A global, crowd-sourced competition seeks to create a new TV series with an iconic female engineer heroine at its center
Moviegoers have long been familiar with the benefits of viewing content on a curved screen. The screen's curvature equalizes the distance that light from the projector must travel, enhancing resolution and brightness while eliminating distortion.
There are few things in this world that I truly loathe. One of those things is the showEverybody Loves Raymond. Why, you might ask? First of all, its actually quite hard to really love Raymond.
We live in an age of constant data. Between television, the Internet, and our “real-life” social circles, society has never before had as much access to health and science news as we now enjoy — and it has never been so easy for anyone to access an entire encyclopedia of information about any health or [...]
Tales of monsters invading Japan are a longstanding tradition, usually involving menacing kaiju—literally “strange creatures”—rising from the sea to wreak havoc on a Japanese city.
Tyson hopes that the updated Cosmos can play a small part in improving the severe lack of scientific literacy among many adults today
Friends and colleagues who know that I illustrated Neil Shubin’s first book, Your Inner Fish, have been asking if I was involved in the three-part PBS series hosted by Shubin that will air next week on April 9th.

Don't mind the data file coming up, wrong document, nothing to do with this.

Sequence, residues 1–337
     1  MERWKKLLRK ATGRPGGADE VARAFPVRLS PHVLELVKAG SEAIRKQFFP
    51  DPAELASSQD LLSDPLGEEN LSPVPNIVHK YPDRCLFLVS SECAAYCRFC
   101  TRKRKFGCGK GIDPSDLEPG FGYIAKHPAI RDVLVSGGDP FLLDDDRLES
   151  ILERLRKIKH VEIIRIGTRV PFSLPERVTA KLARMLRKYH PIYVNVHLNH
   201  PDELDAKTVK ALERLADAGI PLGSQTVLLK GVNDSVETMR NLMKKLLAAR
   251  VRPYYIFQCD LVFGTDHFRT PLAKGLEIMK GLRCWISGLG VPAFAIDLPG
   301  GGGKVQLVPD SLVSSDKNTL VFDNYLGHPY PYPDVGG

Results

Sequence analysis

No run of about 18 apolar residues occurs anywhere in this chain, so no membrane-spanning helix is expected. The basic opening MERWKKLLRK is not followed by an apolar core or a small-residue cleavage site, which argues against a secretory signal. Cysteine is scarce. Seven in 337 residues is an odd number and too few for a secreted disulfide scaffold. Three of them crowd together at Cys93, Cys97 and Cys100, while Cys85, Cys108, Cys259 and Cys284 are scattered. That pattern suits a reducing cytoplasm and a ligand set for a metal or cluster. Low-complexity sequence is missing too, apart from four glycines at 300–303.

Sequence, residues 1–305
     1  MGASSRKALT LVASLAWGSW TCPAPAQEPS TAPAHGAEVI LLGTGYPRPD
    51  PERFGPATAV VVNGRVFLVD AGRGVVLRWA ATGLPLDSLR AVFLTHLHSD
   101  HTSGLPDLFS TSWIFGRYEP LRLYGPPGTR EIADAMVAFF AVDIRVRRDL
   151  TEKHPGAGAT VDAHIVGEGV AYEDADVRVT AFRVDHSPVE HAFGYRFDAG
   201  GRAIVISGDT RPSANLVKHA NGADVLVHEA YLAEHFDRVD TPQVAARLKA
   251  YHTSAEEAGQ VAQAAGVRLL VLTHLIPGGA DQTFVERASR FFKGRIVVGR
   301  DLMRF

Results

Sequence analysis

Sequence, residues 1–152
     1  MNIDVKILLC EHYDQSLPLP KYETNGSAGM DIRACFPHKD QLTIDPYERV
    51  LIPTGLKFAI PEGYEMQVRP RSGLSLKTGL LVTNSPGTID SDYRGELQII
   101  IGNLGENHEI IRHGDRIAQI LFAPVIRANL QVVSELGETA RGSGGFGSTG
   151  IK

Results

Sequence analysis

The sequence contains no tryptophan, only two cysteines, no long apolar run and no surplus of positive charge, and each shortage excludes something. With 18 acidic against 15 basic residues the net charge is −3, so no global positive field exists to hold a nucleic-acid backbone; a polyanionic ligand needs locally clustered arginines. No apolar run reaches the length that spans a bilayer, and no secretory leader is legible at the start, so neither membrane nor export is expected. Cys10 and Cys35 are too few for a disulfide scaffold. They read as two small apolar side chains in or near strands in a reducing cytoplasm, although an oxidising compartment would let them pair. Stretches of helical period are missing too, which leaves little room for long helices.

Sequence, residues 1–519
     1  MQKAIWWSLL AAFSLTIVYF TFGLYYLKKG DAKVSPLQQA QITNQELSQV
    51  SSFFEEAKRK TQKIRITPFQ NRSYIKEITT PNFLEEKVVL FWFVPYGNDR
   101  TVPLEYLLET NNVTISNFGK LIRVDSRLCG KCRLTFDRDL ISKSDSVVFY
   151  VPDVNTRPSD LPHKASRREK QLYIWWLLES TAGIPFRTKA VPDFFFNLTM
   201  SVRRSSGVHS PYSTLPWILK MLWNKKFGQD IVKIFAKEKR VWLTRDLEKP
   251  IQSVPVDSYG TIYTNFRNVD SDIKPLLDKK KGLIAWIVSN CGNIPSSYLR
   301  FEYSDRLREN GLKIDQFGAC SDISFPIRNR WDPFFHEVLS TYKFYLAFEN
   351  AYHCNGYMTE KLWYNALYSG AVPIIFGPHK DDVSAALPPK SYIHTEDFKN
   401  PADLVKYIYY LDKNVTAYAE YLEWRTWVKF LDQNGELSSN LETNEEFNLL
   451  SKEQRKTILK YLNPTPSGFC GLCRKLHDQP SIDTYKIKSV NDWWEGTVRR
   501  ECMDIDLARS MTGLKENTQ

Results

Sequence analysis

Two weeks from today, on April 9th, PBS will air the first of a three-part series adapted from Neil Shubin’s popular book, Your Inner Fish: A Journey into the 3.5-Billion-Year-History of the Human Body.
In the early nineties, researchers predicted that at the current rate of growth, there would be two televisions per US household by 1995. It’s probably safe to say that we have likely exceeded that prediction.
Today is Annalee Newitz‘s birthday (well, it’s still today in the most relevant time zone – uh, hers not mine). Annalee has been writing about the intersection of science and technology and culture for many years.
I'll be on participating in a panel about dolphins, animals in captivity, and the award-winning documentary The Cove tonight. Catch it on Take Part Live on the Pivot channel at 9pm Pacific/12am Eastern.
The complete absence of female engineers in popular culture has huge implications for public perceptions of the STEM fields
Every Halloween, we find ourselves surrounded by zombies, vampires, ghouls, and other mythical monsters. But even though this is the one day each year that we consciously realize we are surrounded by these creatures (at least in their human-costumed forms), are we surrounded by more common forms of these monsters every day without even realizing [...]
The principles underlying the U.S. approach to government-funded research and development remain solid—but the world has changed
In honor of Valentines Day, Id like to take a quick look at one of the most fundamental human emotions hate. Wait, that doesnt seem right.
Imagine being in the jungle, thousands of miles from civilization Thus opened the promo two years ago forLove In The Wild, the extreme dating experiment on NBC that sent its contestants on first dates that were jam packed with shaky bridges, crocodile attacks, and bungee jumping.
It’s Shark Week. People everywhere are presumably dipping their toes into the water with some trepidation because, as numerous televisions programs have taught the viewing public, sharks actually hang out pretty close to shore, especially if the opportunity to feed presents itself.